A correction is needed—not a revamp, restructuring or overhaul. The players have it in them, but there is something drastically uninspiring about watching a talented bloke like Broad shed the tag of an ‘all-rounder’ by backing away with bat in hand before the bowler finishes his run-up. Mitchell Johnson seems to have damaged their psyche more than most expected; Swann retired, Trott retired with a mental condition, and Prior was dropped along with KP, and eventually, Cook. Moreover, Broad—who was one the blonde blue-eyed future of English cricket—is a shadow of the bowler he once was, and bats like he is petrified of a cricket ball. Woakes and Jordan are, at best, all-rounders playing above potential, while Anderson blows hot and cold too often. 
 
English cricket needs resuscitation. They need a kiss of life, before it’s too late, before they turn into the West Indies

получить кредитную карту онлайн приватбанкденьги в долг до 1000000 в

More in Cricket

  • Top 5 One-Hit Wonder Batting Stars

    The craft of batting in cricket has arguably seen more evolution than any other area over the last decade. It becomes...

    Rahul DesaiJanuary 18, 2017
  • Gujarat’s Ranji Trophy Fairytale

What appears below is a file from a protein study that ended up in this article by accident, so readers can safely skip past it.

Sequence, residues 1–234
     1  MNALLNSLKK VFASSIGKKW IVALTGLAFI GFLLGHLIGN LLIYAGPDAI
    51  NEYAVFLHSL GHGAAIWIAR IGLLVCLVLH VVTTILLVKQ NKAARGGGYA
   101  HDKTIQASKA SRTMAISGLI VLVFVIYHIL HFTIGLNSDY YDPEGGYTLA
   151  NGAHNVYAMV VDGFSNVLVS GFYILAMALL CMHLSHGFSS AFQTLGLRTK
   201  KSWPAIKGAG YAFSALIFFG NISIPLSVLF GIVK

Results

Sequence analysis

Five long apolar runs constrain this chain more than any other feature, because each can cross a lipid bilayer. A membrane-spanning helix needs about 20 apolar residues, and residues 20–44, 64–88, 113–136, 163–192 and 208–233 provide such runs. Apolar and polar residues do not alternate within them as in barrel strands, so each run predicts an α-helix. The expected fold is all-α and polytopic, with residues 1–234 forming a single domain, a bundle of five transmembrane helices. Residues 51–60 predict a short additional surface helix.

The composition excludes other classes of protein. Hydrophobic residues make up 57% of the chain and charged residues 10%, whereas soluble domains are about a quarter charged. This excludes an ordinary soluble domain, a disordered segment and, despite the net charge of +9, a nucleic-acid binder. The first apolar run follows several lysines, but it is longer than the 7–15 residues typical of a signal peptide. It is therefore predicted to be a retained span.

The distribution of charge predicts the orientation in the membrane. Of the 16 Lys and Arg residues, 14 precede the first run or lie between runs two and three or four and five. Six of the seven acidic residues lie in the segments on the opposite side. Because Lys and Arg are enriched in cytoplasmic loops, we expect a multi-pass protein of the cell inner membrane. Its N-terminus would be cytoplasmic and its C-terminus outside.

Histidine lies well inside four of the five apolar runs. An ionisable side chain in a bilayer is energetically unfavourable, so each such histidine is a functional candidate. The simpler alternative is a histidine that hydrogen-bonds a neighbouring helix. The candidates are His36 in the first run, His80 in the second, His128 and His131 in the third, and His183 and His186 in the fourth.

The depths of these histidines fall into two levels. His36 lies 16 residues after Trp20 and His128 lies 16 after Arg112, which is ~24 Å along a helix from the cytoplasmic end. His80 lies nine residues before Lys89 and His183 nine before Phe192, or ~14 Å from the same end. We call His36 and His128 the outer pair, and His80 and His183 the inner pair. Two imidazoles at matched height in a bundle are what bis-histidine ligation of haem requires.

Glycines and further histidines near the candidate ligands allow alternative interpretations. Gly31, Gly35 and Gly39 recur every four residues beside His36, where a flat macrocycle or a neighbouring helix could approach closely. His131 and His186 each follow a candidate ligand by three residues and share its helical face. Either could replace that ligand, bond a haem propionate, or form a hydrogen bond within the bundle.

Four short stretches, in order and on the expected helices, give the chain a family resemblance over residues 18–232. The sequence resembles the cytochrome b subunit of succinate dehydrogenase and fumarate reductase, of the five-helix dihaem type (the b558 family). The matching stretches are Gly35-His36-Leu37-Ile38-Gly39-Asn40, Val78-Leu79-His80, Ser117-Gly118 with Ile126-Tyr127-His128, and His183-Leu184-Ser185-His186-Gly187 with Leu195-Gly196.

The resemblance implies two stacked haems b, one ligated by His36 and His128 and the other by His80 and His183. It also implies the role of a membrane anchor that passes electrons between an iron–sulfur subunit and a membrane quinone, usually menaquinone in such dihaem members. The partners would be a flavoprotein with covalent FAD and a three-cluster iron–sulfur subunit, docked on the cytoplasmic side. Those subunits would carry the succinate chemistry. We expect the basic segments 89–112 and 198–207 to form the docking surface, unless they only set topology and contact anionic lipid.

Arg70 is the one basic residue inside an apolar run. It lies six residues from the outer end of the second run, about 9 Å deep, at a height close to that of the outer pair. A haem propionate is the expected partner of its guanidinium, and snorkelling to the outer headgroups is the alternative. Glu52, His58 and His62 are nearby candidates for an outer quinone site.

A month ago, I stood in one of Ahmedabad’s famous optician stores. I observed the customers as I waited for a...

    Rahul DesaiJanuary 17, 2017
  • Chinks in India’s ODI Armour

    India v/s England, ODI series Result: India win first game to lead 1-0 in 3-match series   It ended up becoming...

    Rahul DesaiJanuary 16, 2017
  • Preview: India v/s England, ODI series

    India played only seven ODIs in 2016, and so ex-captain M.S. Dhoni (takes a while to get used to this term) always...

    Rahul DesaiJanuary 11, 2017
  • Ranji Trophy: A Shaw-shot Superstar

    A precocious 13-year-old pint-sized boy holds a bat far too large for him. In fact, his helmet and pads make him...

    Rahul DesaiJanuary 10, 2017
  • Redialling MS Dhoni, The Finisher

    In 2008, on the final day of the fourth and final Test match of the series between India and Australia in...

    Rahul DesaiJanuary 5, 2017
  • Five Important Cricketing Events In 2017

    As of now, two depressingly one-sided tours are underway: Pakistan’s tour of Australia, and Sri Lanka’s tour of South Africa. Both...

    Rahul DesaiJanuary 4, 2017
  • 2016: A Year in Test Cricket

    A few hours ago, Pakistan did a Pakistan, only days after almost chasing down the highest ever Test score against Australia....

    Rahul DesaiDecember 30, 2016
  • Karun Nair: The Everyday Hero

    5th test, India v/s England, Chennai From the top tier of the Northern Stand at the Wankhede stadium last week, in...

    Rahul DesaiDecember 20, 2016

All articles/blogs are intended to inform, entertain and amuse. We make no representations or guarantees about the truth, accuracy or quality of any content.

Copyright 2016 © Bigtree Entertainment Pvt. Ltd. All Rights Reserved